Middle East

Saudi Arabia: What crown prince's death means

Saudi Interior Minister Prince Nayef bin Abdul Aziz al Saud, 2006
Image caption Prince Nayef may be more pragmatic than his image suggests

The death of Crown Prince Sultan bin Abdulaziz al Saud makes it highly likely that the next heir apparent in Saudi Arabia will be his full brother, the Interior Minister, Prince Nayef.

Aged around 77, Prince Nayef is not in the best of health himself and delegates much of the day-to-day running of his ministry to two of his sons.

However, on the assumption that King Abdullah, who is about 88, will not be on the throne for that much longer, Prince Nayef is likely to be able to take up the responsibilities of monarch, even if he is also likely to typify the lack of dynamism that has been the hallmark of Saudi rule for the last two decades.

Prince Nayef is seen warily by those in the kingdom's non-royal elite who are inclined toward reform.

However, he has been adept at utilising conservative, including clerical, alliances to bolster his position.

Furthermore he lacks Prince Sultan's avariciousness, and as king is likely to prove more pragmatic than his image suggests.

While the issue of the "generational switch" will be enlivened by Prince Sultan's demise, it is unlikely to be conclusively dealt with.

As king, Nayef would probably be shadowed by his slightly younger full brother, Prince Salman, the long time governor of Riyadh.

Prince Salman, a strong contender to take over the defence ministry that Prince Sultan ran for nearly 50 years, is unlikely to forgo his claim to the throne.

Rubber stamp

King Abdullah created an allegiance council (hiya Al-Baya) to supposedly deal with succession issues in a consensual manner among the main claimants.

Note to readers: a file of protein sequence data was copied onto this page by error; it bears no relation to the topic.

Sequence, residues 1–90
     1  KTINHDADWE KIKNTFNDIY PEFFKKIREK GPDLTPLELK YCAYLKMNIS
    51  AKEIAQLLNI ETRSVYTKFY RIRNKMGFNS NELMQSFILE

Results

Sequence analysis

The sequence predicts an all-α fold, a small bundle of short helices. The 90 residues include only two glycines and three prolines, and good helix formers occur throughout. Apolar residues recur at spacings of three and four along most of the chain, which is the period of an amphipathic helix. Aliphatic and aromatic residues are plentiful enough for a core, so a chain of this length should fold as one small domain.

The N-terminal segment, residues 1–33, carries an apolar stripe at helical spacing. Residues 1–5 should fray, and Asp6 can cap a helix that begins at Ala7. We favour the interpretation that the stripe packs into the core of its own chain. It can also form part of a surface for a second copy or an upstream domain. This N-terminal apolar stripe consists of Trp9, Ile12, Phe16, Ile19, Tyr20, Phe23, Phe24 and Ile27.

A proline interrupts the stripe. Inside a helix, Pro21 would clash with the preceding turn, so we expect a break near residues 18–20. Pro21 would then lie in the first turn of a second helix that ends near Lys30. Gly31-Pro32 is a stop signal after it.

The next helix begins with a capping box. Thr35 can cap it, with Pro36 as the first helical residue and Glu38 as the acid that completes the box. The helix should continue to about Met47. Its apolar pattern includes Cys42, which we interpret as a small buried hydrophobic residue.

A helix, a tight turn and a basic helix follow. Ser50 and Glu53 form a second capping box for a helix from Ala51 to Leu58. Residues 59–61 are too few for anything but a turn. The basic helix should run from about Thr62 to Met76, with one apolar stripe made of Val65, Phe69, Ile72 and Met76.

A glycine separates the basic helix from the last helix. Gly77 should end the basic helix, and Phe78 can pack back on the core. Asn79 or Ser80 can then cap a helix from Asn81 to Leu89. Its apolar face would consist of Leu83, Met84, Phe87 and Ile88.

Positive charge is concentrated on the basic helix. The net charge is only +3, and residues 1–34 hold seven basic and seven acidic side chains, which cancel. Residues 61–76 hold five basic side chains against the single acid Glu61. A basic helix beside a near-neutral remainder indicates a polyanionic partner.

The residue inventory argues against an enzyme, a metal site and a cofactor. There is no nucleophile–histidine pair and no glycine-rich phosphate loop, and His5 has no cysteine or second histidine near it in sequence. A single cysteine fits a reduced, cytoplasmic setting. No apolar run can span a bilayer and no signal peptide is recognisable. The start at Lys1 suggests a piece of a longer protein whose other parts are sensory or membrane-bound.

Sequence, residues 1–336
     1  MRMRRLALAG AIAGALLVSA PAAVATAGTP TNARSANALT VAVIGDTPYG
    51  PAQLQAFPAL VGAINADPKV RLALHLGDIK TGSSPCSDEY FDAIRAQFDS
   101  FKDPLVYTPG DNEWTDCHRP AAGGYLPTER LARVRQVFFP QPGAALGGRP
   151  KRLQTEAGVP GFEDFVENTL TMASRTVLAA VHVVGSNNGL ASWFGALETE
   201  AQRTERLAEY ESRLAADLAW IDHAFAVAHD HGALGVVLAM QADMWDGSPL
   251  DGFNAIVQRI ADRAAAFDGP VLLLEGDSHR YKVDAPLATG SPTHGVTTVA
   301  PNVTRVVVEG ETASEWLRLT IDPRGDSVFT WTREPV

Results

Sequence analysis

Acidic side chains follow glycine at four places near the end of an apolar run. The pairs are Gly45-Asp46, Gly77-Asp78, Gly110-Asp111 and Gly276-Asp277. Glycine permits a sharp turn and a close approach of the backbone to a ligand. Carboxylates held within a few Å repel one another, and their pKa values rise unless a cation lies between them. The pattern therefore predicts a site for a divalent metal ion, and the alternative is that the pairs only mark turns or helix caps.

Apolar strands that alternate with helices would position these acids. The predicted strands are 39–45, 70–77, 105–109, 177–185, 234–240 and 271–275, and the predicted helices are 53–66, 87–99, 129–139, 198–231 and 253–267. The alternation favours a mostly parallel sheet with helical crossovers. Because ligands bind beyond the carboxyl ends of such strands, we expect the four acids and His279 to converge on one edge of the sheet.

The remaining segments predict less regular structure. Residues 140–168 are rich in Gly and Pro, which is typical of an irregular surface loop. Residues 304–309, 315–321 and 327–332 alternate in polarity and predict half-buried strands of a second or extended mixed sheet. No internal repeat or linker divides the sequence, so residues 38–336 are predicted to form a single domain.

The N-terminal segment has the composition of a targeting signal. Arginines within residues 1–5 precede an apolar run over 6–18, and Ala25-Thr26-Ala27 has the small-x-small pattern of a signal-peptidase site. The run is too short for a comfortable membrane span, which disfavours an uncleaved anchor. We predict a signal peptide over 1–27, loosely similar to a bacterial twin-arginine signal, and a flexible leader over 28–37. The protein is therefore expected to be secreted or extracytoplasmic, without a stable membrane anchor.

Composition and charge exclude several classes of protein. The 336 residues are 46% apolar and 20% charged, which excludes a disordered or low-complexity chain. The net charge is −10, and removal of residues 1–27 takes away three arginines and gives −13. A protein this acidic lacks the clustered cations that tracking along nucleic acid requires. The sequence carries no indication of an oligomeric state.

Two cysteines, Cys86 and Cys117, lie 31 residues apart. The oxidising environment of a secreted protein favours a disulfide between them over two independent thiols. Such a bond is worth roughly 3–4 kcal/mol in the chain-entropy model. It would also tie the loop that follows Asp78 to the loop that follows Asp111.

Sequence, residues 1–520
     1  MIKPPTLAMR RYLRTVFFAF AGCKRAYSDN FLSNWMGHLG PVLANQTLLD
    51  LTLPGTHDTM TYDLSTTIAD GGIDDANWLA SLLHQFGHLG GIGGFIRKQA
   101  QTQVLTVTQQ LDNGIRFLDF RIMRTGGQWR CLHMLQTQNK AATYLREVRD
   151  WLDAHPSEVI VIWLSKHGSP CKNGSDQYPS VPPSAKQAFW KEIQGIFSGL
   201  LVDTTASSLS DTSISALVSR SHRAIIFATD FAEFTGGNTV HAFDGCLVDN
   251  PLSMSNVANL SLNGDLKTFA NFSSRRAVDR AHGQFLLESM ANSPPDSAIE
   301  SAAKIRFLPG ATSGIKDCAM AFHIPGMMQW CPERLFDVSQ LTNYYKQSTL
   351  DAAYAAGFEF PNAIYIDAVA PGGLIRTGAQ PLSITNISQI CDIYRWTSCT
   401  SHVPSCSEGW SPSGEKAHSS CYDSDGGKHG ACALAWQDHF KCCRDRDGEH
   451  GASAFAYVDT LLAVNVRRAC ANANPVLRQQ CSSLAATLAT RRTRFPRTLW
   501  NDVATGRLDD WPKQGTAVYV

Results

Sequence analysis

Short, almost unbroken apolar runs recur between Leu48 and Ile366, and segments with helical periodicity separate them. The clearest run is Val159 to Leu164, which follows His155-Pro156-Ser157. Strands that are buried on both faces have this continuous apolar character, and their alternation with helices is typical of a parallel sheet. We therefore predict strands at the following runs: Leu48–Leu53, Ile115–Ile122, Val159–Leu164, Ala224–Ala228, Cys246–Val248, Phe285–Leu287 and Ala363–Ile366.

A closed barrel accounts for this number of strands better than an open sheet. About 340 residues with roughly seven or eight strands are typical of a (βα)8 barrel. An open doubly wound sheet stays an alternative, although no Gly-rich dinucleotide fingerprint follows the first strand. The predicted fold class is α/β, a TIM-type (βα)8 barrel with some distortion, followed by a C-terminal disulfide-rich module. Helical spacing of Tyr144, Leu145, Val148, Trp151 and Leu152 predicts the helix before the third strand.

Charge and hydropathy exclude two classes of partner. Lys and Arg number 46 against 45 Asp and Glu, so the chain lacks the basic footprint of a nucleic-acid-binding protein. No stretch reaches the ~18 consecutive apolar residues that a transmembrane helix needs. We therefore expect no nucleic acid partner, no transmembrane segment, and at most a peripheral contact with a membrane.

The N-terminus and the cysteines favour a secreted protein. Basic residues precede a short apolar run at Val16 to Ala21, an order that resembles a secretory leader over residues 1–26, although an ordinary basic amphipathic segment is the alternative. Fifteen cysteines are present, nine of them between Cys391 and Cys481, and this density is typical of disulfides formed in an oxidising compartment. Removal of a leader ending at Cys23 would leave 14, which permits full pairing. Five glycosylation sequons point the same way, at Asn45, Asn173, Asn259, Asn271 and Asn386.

However, in practice this body is likely to merely rubber stamp such moves, and not take the lead in thrashing out a notional "deal" on who comes next after Prince Salman.

Behind the scenes, this decision is likely to be, as is traditionally the case, in the gift of the ruler - in this case Nayef.

The latter is more or less a shoo-in for the top job because of his appointment by King Abdullah in 2009 as second deputy premier.

While not inevitable, the occupant of this position, mortality allowing, is the de facto next in line after the crown prince.

In practice it will fall to Prince Nayef to take the lead on determining who this is to be when he becomes king, just as he will chose his heir apparent.

After Prince Salman, plausible candidates for king from the current generation of Saudi princes are thin on the ground - those favoured by King Abdullah are unlikely to have great prominence after his demise.

The internationally renowned sons of King Faisal are technically from the next generation, but the most plausible, Khalid, governor of Mecca, is over 70, and in any case the "Al-Faisal" are not favoured by Nayef.

With the generational switch likely to be in Nayef's hands to facilitate, my money would go on one of his two sons who hold the fort at the interior ministry to be the beneficiaries.

The most plausible is Mohammed bin Nayef, comparatively youthful at present and the de facto security boss.

However, his senior in age is his full brother Saud, who recently was brought back from a virtual diplomatic exile as ambassador to Spain to handle public affairs at the ministry.

These are the men to watch.

Neil Partrick is a contributor to the Gulf Programme at the London School of Economics and associate fellow at the Royal United Services Institute for Defence and Security Studies (RUSI) in London.

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